Is there a cricket rule which states a maximum distance of how far down the pitch a batsman can stand to face the bowler?

2 Answers 2


There is no Law which specifies this, with the possible exception of anything to do with obstructing the field; the Laws of Cricket are in fact remarkably vague on what the striker may and may not do - it's self regulating by the fact that doing anything "strange" (e.g. standing half way down the pitch) will generally result in the batsman getting out very quickly.


There's no specific limit, but there is a protected area which starts five feet in front of the popping crease, and batsmen are prohibited from damaging this area. This is covered under Law 42(14).

Note, though, that this doesn't prevent a batsman from taking guard within the protected area, but he's going to have to be very very careful not to damage the pitch, and in most cases the umpire will intervene early. Usually just a quiet chat, pointing out spike or guard marks, and asking that he stays outside that area. That would generally suffice - I've never seen Law 42 invoked to punish a batsman taking guard too far forward. Running on the protected area, yes - many times!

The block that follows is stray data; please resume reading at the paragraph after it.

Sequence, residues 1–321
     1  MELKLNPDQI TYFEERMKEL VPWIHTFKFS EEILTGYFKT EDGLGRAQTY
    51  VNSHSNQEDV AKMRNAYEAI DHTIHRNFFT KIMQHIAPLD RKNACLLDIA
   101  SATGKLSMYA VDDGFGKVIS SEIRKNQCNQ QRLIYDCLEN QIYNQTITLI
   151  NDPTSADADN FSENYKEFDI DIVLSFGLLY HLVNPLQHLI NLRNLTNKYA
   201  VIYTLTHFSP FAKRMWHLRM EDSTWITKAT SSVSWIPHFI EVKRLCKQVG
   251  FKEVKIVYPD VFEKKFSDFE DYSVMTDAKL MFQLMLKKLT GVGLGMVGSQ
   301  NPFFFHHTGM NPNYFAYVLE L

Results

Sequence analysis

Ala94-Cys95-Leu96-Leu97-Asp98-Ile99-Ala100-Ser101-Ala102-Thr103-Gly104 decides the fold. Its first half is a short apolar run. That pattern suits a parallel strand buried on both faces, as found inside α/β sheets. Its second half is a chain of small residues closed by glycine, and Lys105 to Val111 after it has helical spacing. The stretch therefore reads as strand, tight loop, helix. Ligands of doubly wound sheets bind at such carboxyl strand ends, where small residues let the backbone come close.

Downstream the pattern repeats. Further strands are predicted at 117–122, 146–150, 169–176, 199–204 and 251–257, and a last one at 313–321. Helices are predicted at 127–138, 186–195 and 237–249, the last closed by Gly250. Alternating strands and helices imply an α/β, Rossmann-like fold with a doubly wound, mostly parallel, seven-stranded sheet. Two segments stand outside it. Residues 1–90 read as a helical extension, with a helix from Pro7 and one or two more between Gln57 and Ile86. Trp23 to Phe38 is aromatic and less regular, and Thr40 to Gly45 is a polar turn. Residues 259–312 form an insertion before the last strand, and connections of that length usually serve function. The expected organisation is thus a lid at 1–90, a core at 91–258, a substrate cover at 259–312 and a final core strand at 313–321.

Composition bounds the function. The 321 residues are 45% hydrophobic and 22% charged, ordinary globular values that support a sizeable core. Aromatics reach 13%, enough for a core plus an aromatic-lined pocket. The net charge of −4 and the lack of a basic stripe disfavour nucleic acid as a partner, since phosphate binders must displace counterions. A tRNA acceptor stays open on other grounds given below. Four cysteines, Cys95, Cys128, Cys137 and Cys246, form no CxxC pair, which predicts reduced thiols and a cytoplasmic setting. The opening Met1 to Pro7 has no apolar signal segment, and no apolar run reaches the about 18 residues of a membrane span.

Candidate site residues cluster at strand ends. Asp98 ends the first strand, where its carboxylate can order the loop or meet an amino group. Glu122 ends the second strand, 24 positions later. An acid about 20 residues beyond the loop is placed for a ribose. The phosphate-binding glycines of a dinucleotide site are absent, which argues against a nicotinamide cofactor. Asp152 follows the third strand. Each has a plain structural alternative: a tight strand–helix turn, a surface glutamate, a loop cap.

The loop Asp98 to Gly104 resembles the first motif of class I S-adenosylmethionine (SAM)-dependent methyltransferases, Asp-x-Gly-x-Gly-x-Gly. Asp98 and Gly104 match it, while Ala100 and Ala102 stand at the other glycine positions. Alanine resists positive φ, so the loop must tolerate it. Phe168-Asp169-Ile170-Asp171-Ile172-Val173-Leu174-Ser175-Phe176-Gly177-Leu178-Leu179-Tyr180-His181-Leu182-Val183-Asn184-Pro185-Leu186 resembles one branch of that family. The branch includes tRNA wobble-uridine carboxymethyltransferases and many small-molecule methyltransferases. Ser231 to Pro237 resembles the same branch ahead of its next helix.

• Bowlers also cannot run on the pitch, they get warned
    – Neil Meyer
    Commented Mar 9, 2017 at 18:02
  • That is (almost) correct, but not relevant to the question of a potential limitation of where a batsman takes his guard. Note that bowlers contravene Law 42 if they run on the protected area (not the pitch itself, note, the protected area is the small strip up the middle) regardless of whether they damage it. In practice, the umpire will apply common sense and warn the bowler that he's risking punishment.
    – zaump
    Commented Mar 10, 2017 at 20:25

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